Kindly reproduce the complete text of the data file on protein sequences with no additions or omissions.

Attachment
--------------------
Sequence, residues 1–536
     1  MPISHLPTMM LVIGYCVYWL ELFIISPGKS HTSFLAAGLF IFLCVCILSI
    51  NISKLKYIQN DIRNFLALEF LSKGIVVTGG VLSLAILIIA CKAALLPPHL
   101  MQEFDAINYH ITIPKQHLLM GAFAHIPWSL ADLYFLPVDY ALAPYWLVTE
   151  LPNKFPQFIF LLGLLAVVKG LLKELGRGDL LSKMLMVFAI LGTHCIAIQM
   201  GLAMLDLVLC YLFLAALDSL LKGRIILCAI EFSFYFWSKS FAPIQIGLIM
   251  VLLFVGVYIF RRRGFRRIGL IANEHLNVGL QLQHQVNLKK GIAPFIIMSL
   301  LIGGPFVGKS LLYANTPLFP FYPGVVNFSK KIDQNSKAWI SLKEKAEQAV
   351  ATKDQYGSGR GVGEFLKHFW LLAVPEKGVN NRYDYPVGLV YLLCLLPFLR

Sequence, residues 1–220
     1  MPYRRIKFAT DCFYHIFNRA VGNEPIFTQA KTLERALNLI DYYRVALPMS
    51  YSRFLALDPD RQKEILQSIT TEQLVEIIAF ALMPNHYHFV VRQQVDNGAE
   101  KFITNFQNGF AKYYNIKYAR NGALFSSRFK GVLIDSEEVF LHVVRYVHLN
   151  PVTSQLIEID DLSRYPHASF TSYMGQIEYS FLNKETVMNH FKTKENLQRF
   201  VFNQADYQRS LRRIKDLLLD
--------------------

Sequence, residues 1–536
     1  MPISHLPTMM LVIGYCVYWL ELFIISPGKS HTSFLAAGLF IFLCVCILSI
    51  NISKLKYIQN DIRNFLALEF LSKGIVVTGG VLSLAILIIA CKAALLPPHL
   101  MQEFDAINYH ITIPKQHLLM GAFAHIPWSL ADLYFLPVDY ALAPYWLVTE
   151  LPNKFPQFIF LLGLLAVVKG LLKELGRGDL LSKMLMVFAI LGTHCIAIQM
   201  GLAMLDLVLC YLFLAALDSL LKGRIILCAI EFSFYFWSKS FAPIQIGLIM
   251  VLLFVGVYIF RRRGFRRIGL IANEHLNVGL QLQHQVNLKK GIAPFIIMSL
   301  LIGGPFVGKS LLYANTPLFP FYPGVVNFSK KIDQNSKAWI SLKEKAEQAV
   351  ATKDQYGSGR GVGEFLKHFW LLAVPEKGVN NRYDYPVGLV YLLCLLPFLR

Sequence, residues 1–220
     1  MPYRRIKFAT DCFYHIFNRA VGNEPIFTQA KTLERALNLI DYYRVALPMS
    51  YSRFLALDPD RQKEILQSIT TEQLVEIIAF ALMPNHYHFV VRQQVDNGAE
   101  KFITNFQNGF AKYYNIKYAR NGALFSSRFK GVLIDSEEVF LHVVRYVHLN
   151  PVTSQLIEID DLSRYPHASF TSYMGQIEYS FLNKETVMNH FKTKENLQRF
   201  VFNQADYQRS LRRIKDLLLD